3 Ways to Jumpstart Marketing and Sales Alignment (MassTLC inspired)

Last week I attended the inaugural MassTLC Demand Gen peer group headed by Christine Nolan of MassTLC and Jonathan Burg of Apperian – it was a vibrant discussion with 35 of the top revenue marketers in the Boston area.

It was striking that with a group of that experience, sales alignment (or lack thereof) was the most common area of frustration shared by many.

We were only able to cover some of the potential remedies in the discussion, so it inspired me to write and share this post – 3 Ways to Jumpstart Marketing and Sales Alignment.

What these three practices have in common is they should help build that alignment by putting marketing on the same side of the table as sales by aligning around common goals.

1.       Build a metrics-based MQL Plan

Also discussed in detail here, you, the demand generation marketer, should work backwards from the revenue forecast and use assumptions around conversion rates to show to both marketing and sales the number of MQLs required to meet the plan.

This accomplishes two things for you:

  • It demonstrates to sales that your demand generation / marketing plan is aligned to their sales plan
  • It solves another problem expressed by a number of the marketers in the room – which is how do you govern processes such as sales acceptance of marketing leads? By building those assumption into your plan, it gives you a leg to stand on when reviewing numbers with sales management… if the metrics such as sales acceptance rates dip below the plan, it should become clear to sales management that the issue should be addressed. It’s not you, marketing, telling sales there is an issue -- it’s a lack of alignment to the plan which should flag the issue.  

2.       Build marketing programs around the sales reps

This next one is a win-win -- make your marketing programs more effective AND build alignment with the sales team.

Here’s an example and here’s how it works:

  • Create “Rep Web Pages” which position each rep as an expert in their field. We demand gen need to remember that -- assuming our products are sold through sales reps -- then we not only need to market our products but also the reps whom prospects need to buy from – because nothing will be bought without a conversation with the rep.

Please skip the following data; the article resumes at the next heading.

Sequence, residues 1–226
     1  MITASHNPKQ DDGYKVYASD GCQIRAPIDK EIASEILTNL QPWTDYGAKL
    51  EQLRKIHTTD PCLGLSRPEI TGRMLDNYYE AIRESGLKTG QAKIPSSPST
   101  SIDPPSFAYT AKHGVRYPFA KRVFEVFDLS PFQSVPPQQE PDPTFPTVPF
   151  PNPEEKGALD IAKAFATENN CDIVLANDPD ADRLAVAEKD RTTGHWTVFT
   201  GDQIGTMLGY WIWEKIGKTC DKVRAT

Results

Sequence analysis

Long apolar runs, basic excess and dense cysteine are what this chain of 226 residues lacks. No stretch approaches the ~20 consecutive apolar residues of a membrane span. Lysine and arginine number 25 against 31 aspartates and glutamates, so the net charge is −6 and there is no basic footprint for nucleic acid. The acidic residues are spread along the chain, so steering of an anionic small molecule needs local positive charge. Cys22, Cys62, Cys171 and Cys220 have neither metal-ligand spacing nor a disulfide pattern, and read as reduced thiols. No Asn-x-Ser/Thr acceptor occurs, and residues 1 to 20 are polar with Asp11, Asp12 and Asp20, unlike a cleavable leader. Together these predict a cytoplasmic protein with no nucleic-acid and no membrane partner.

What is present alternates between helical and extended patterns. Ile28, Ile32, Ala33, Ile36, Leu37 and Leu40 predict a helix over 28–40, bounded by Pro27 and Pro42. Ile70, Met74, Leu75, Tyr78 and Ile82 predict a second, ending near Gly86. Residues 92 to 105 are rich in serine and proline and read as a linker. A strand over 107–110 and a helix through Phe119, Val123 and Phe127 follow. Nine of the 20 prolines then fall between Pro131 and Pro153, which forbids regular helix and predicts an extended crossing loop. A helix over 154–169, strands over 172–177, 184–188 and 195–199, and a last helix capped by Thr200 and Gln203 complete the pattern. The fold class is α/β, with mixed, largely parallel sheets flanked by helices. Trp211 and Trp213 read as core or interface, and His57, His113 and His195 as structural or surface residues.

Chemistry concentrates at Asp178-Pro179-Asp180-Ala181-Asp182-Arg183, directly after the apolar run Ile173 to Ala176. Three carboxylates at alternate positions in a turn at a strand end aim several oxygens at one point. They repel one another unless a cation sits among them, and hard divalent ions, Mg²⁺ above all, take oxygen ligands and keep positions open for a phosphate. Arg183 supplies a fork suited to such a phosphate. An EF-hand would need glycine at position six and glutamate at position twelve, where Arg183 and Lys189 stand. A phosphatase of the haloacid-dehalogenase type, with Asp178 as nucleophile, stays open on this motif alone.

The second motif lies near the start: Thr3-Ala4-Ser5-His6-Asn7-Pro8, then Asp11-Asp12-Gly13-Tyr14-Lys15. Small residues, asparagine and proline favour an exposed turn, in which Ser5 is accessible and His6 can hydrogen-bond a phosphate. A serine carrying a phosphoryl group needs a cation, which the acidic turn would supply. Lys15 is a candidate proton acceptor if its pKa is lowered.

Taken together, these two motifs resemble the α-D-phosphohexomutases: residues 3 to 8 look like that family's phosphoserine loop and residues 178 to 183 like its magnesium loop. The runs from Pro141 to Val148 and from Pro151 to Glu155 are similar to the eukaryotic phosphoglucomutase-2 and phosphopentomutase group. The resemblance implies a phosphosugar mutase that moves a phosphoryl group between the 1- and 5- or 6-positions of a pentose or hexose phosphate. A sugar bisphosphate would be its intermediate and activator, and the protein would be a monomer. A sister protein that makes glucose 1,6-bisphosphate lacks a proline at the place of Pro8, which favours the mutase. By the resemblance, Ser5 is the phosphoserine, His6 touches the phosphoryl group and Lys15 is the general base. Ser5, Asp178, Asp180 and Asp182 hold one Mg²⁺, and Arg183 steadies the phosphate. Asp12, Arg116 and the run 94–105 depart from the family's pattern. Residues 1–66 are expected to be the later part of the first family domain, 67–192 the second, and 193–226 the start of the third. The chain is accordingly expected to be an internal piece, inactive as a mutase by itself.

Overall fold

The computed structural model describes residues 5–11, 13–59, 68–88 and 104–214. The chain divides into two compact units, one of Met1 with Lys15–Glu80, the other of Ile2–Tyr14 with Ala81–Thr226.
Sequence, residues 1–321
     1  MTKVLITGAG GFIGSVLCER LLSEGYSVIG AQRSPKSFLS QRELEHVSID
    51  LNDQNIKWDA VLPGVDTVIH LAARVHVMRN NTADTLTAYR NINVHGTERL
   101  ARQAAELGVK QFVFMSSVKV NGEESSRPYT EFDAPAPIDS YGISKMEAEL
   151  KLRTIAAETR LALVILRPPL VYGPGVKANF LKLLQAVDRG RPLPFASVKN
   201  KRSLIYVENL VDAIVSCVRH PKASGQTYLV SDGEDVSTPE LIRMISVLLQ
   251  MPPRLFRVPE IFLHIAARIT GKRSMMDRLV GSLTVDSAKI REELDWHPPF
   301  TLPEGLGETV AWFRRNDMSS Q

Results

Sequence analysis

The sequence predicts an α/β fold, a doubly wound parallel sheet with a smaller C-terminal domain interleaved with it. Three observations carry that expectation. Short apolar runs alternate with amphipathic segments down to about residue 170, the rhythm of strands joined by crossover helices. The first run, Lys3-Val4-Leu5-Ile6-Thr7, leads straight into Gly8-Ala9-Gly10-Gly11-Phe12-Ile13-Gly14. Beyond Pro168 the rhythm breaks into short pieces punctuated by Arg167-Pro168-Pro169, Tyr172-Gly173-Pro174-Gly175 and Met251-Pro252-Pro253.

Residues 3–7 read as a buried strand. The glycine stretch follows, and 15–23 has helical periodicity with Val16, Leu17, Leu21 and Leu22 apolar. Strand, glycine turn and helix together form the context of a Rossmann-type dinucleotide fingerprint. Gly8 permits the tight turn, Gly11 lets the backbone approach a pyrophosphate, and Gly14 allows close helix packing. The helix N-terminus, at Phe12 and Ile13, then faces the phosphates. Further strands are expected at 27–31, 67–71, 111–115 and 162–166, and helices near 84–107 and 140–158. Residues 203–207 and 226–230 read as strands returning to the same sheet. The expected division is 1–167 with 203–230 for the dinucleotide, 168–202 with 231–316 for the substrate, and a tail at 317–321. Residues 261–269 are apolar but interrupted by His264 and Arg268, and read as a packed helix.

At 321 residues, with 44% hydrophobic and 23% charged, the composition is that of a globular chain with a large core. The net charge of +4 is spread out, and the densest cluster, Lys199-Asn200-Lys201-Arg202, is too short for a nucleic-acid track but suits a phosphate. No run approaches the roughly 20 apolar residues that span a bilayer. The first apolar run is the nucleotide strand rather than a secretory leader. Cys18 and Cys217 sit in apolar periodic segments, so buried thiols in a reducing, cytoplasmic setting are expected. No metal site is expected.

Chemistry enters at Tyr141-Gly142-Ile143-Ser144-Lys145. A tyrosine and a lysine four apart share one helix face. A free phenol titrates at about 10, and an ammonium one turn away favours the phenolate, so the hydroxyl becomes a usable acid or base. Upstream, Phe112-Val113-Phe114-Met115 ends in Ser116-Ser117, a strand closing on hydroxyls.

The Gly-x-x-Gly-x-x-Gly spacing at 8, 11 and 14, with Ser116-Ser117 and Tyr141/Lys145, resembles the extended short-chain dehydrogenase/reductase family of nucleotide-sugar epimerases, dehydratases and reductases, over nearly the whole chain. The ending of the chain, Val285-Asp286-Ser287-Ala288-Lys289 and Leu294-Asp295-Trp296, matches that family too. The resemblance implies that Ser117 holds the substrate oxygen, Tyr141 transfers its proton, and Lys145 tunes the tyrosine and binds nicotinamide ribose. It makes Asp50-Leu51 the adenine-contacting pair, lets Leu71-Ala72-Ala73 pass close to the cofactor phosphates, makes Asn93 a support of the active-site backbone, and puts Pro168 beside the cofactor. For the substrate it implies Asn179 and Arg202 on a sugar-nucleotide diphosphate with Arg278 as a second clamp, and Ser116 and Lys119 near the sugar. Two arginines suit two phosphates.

• The pages include content of value to prospects and provocative questions representing a discovery conversation the rep wants to have with the prospect -- these are both credibility builders for the rep.
  • The page also links to the their LinkedIn profile with similar messaging around the rep for social validation.
  • Email programs both for outbound prospecting and nurturing are emails from the rep (plain text emails with their photo at the bottom), anchored by these rep landing pages aimed to attract the attention of the prospect and move them through the buying process.

The Reps not only should feel good about seeing marketing putting them front and center, but the personalized approach to connect with prospects is a highly effective technique to break through today clutter of information overload. 

Other extensions of this including reps adding this page to all of their email signatures, accompanying emails with calls/voicemails directing prospects to their page and providing intelligence to the reps on who has visited their page to prioritize follow up efforts.

3.       Provide more direction for sales on how to best leverage marketing’s content

In his book “The New Rules of Sales Enablement”, Jeff Ernst of Forrester Research quoted an American Marketing Association stat that 90% of marketing deliverables are not used by sales.

A significant piece of this 90% comes from assets not being packaged and served up with clear direction to sales for how to use them. It’s a pain point for every sales organization and solving that pain point is a great way for marketing to achieve that “same side of the table” status.

I recommend providing both email templates and the related content assets, grouped in categories that are actionable for sales.  The first grouping would be buying stage, then by role, industry and/or topic.

  • Prospecting  – assets used to attract attention and establish need
  • Discovery – assets used to educate prospects during the discovery phase
  • Opportunity – majority of assets for sales use will be during the opportunity phase. An area which marketing can help sales is providing sales with content that reps can provide their primary buyer to share with their buying team – content which help cement the value for the solution for each member of the buying team. Another asset type which sales will appreciate are objection handlers… content that they can share with prospects to address common questions that could otherwise stall out their deals.

So what do you think? Please share other tips and tricks you've found for alignment between marketing and sales.